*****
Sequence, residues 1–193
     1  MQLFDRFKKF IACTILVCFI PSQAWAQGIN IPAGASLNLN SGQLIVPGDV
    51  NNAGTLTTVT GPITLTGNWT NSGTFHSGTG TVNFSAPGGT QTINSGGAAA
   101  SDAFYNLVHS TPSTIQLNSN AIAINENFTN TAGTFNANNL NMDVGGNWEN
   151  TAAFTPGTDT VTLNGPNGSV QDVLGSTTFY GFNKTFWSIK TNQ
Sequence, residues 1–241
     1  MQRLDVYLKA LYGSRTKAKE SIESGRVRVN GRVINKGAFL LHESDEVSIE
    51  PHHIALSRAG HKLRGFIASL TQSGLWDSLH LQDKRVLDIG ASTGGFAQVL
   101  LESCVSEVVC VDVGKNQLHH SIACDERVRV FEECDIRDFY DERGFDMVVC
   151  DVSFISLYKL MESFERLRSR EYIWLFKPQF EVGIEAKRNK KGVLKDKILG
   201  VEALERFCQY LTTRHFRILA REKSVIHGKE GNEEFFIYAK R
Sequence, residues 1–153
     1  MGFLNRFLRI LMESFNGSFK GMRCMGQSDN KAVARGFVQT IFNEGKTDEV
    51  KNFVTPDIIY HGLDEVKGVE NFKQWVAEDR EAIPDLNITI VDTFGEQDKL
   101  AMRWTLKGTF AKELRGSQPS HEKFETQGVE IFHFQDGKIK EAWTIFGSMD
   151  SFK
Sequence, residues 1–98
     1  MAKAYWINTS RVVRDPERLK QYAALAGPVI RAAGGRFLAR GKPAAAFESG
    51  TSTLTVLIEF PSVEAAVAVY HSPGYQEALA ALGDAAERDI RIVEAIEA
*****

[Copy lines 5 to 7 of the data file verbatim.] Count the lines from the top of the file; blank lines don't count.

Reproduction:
   151  TAAFTPGTDT VTLNGPNGSV QDVLGSTTFY GFNKTFWSIK TNQ
Sequence, residues 1–241
     1  MQRLDVYLKA LYGSRTKAKE SIESGRVRVN GRVINKGAFL LHESDEVSIE